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Noorings: Of the decade gone – Another brick in the wall? Naaah...

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Noorings: Of the decade gone – Another brick in the wall? Naaah...

The countdown, as they say, has begun. Ten days to go for the New Year. But as every organisation and members of the Indian media industry prepare the send-off this time, it is not for just the year but for the decade. And that is special.

And this decade, from a media viewpoint, is going to be quoted for a long time. In television alone, the decade began with terrestrial network being replaced by cable and satellite as the key form of distribution housing the more popular media television vehicles. And even before that was settling in, digital distribution, largely driven by direct-to-home thanks to pioneers like Dish TV and genre growers like Tata Sky, Airtel Digital TV and Big TV, has already taken off. For many television industry veterans, it is déjà-vu of sorts – the rise of digital household penetration from 7 million to 28-29 million, with over a million households getting added every month, almost takes one back to the manner in which C&S had grown. And the immediate question staring us in our face is -- when will C&S become a thing of the past and we live in addressability that can be truly measured.

Genres have grown in this decade in a manner no one imagined. News, sports, kids, and now we are talking food channels --- general entertainment is still kingpin but when measurability is impacted, specialist genres would be the first ones to benefit. Ratings would mean a lot more, and speak a lot more.

Players like TAM Media Research geared five years back anticipating what we see today and the digital future is no longer a distant reality or something that is set to take off.

This was the decade that first spoke of sunset date of analogue, of measuring viewership more precisely and of heralding super-specialism in content.

In broadcasting, radio was the next to witness a change one had not expected. It was All India Radio for the longest time, then mid-2000’s FM took off (even though initially with terms that killed FM radio more than allowed growth) finally leading to a stage, when it was possible for media houses to invest and think big in radio too --- to speak of cross markets presence and actually speak of revenues and profits that could be invested back in the medium.

While this was the decade when that kind of scalability in radio was possible, this will also be the decade that didn’t see change in restrictions on content in radio like news and current affairs – a situation one is hoping would change for the better soon.

I almost wish I could write more on what the decade meant for out of home but the truth of the matter is that the achievements of players in OOH was far more modest than what this domain promised in the beginning of the decade given the advent of more players and some amount of structuring in the space. OOH grew but didn’t deliver on those expectations.

This decade was also about breaking barriers, and more said on the role technology played for this, the lesser it is. Digital became a medium, digital became an enabler, digital became a way of life. Digital became the present and the future and it impacted everything there was in the way. Digital divided audiences, it divided professionals of today and tomorrow from those of yesterday.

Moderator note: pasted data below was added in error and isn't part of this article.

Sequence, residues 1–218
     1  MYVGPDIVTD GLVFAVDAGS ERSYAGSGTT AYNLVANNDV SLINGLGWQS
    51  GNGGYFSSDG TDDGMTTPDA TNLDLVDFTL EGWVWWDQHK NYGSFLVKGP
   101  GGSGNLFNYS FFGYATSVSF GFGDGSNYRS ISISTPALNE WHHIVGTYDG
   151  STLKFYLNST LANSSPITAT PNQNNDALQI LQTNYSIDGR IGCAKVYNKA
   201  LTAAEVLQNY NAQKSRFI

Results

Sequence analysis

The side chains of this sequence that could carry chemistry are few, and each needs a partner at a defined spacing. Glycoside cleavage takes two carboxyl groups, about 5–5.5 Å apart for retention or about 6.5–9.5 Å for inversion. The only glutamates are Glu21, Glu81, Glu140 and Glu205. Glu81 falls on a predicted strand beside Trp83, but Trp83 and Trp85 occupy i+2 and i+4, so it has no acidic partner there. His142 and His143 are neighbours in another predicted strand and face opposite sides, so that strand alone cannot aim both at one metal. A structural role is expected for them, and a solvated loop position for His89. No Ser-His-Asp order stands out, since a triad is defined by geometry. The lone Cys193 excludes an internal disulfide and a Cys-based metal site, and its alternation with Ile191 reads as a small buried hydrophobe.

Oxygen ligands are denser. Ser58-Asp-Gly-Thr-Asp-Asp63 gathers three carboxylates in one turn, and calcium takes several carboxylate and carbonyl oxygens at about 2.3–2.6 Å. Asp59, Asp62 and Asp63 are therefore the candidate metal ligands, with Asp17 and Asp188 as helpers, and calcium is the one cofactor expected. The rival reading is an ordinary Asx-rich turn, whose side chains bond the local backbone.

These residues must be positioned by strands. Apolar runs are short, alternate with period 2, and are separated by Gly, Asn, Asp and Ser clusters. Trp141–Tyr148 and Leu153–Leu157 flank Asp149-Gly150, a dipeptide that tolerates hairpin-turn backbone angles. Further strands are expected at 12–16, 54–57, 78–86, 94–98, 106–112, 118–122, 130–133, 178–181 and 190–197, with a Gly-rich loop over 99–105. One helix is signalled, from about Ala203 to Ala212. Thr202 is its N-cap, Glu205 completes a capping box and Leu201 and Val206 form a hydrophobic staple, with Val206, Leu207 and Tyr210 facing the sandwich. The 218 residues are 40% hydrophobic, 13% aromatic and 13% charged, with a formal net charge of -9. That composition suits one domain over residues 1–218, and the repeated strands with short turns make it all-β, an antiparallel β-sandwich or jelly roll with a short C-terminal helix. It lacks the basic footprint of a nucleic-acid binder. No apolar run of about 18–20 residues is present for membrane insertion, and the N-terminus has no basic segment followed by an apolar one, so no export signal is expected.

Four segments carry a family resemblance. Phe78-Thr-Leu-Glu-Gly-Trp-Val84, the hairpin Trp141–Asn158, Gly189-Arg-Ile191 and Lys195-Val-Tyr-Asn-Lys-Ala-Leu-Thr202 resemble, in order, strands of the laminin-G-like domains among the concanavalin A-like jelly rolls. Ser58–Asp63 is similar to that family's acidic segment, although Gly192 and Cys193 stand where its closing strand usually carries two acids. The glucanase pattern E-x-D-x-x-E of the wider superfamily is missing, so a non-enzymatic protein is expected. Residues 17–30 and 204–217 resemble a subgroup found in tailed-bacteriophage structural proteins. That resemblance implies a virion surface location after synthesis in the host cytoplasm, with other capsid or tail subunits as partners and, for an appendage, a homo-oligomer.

This will always be the decade that began the debate on what is digital and what is not. So DTH is digital, but where do you park DTH spends and investments, in traditional television or digital. Some still say it would be tradition television but what about IPTV then? Where would satellite or internet radio be placed? When you watch NDTV on your desktop via NDTV Play, where does that viewership count – that may still be a simpler one to answer but the digital-traditional divide is blurring and neither advertisers nor media service brands have yet made that distinction. That said, this will always be the decade that begun the conversation.

Now I know I didn’t mention print – if I had to, I could point quite a few things that this decade meant for print. The growth of regional media and many non-English language publications finding a structure; digital presence of newspapers – some even experimenting with the mobile medium; the decade saw big deals and great partnerships, both national and international but I don’t know if print players changed the game in any form in the last 10 years. The big thing to speak of would perhaps be accomplishment in the readership measurement arena, and perhaps that would be the one thing about print that this decade would be recalled for – a strong, honest attempt from the industry to unify resources and establish a robust currency.

In all, a golden decade indeed for Indian media. Should I be using the word ‘golden’ given all the controversies media, more specifically news media, got embroiled in? I guess I am going to because the setbacks cannot take away from the efforts made by names such as Subhash Chandra, Uday Shankar, Raghav Bahl, Sameer Nair, Prannoy Roy, Ronnie Screwvala (it really is a long list, so I am going to stop). Leaders and visionaries like these recharged the space and reenergised it every time dark clouds loomed. Credit to such luminaries, that recession or slowdown, whatever term one uses, did not become the memorable factor of this decade. And for braving that storm, I would say this is not just another decade, borrowing from another Pink Floyd title, ‘Another brick in the wall’ – well, this decade was not.



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